The pest, named Anti-Virus-1, is complicated and smart. The advertisements are for antivirus software, and when a user clicked on them, the ads redirect to a pornography Website through a series of iframes. Then a PDF pops up loaded with evil code, exploiting a weakness currently festering in the Adobe systems; or the file index.php redirects to the rogue ad server. The server places a file named “winratit.exe” into the user’s temporary files folder and stays there without any user interaction.
If the user tries to cleanse the computer by visiting any of several popular software downloading sites, the hack has a twist of the blade waiting: the host file is modified to redirect to even more malicious Websites offering further rogue downloads.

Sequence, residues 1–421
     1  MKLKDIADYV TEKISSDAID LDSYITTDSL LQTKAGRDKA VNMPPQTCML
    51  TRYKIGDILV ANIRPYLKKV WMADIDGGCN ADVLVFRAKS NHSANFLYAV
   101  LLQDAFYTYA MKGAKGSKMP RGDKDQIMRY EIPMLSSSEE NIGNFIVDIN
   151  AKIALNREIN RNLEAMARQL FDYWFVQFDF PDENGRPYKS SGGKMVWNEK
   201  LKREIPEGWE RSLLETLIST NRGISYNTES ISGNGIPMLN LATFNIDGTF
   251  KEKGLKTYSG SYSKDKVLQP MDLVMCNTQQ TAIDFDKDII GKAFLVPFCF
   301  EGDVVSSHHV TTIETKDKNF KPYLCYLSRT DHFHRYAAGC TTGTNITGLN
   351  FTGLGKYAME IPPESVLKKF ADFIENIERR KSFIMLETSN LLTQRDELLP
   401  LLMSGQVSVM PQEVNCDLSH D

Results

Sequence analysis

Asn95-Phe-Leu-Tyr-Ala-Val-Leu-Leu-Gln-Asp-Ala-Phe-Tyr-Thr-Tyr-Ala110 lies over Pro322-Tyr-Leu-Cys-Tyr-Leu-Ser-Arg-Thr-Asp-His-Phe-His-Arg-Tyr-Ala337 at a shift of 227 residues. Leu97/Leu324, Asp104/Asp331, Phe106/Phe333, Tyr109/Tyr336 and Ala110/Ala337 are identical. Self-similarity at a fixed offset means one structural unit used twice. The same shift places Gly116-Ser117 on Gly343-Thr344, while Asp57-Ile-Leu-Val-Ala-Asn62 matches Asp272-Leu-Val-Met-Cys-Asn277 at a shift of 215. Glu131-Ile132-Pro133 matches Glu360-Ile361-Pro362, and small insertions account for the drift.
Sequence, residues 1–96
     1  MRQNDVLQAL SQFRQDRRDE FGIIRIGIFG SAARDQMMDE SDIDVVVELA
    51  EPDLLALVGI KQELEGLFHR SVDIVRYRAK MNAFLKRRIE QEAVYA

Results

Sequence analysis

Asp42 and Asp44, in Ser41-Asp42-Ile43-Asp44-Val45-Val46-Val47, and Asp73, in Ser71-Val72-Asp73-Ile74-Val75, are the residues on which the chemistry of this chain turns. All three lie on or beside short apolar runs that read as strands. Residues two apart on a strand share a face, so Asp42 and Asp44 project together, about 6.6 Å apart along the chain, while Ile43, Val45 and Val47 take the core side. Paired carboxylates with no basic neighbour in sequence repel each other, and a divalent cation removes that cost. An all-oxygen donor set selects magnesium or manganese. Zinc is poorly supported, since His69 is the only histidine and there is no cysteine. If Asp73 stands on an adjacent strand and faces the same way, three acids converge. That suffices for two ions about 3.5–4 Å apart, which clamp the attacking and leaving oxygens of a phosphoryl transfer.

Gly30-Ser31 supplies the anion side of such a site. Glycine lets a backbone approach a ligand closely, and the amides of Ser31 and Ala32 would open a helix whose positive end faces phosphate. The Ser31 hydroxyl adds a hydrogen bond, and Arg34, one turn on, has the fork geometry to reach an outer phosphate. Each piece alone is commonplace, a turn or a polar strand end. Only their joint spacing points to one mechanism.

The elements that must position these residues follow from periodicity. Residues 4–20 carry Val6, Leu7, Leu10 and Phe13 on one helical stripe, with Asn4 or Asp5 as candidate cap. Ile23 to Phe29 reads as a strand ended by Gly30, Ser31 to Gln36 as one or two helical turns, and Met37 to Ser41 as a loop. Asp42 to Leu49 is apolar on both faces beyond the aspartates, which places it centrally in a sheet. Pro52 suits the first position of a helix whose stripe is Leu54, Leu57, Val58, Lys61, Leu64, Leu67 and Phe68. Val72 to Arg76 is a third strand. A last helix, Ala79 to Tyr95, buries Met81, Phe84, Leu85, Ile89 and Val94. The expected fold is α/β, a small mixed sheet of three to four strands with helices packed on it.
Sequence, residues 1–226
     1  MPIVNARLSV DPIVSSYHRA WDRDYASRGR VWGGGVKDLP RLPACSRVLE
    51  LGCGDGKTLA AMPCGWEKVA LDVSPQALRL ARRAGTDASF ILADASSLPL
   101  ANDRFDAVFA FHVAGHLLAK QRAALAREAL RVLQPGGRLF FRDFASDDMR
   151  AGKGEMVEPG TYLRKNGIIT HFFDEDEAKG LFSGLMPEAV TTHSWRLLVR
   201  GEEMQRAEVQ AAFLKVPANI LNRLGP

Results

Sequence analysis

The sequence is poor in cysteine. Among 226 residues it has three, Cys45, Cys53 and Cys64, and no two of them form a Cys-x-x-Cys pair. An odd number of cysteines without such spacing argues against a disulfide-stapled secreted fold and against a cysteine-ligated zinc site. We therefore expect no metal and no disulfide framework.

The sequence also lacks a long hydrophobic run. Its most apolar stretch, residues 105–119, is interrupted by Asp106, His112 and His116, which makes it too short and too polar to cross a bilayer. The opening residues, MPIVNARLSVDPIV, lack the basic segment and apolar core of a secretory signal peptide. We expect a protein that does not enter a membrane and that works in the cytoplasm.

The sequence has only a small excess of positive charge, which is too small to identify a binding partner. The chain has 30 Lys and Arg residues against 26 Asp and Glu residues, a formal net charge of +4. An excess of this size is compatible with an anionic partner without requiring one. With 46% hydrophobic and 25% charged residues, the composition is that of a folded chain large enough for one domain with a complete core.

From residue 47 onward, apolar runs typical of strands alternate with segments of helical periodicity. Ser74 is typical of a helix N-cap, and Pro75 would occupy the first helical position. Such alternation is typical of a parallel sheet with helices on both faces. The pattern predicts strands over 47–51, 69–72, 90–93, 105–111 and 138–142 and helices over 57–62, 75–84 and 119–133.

eWeek may not be the first popular Website to be attacked. “Given DoubleClick’s tremendous reach, it’s possible the rogue ads have shown up on Websites other than eWeek,” Websense Vice President of Security Research Dan Hubbard told The Register.
As always, exercise caution when following advertisements.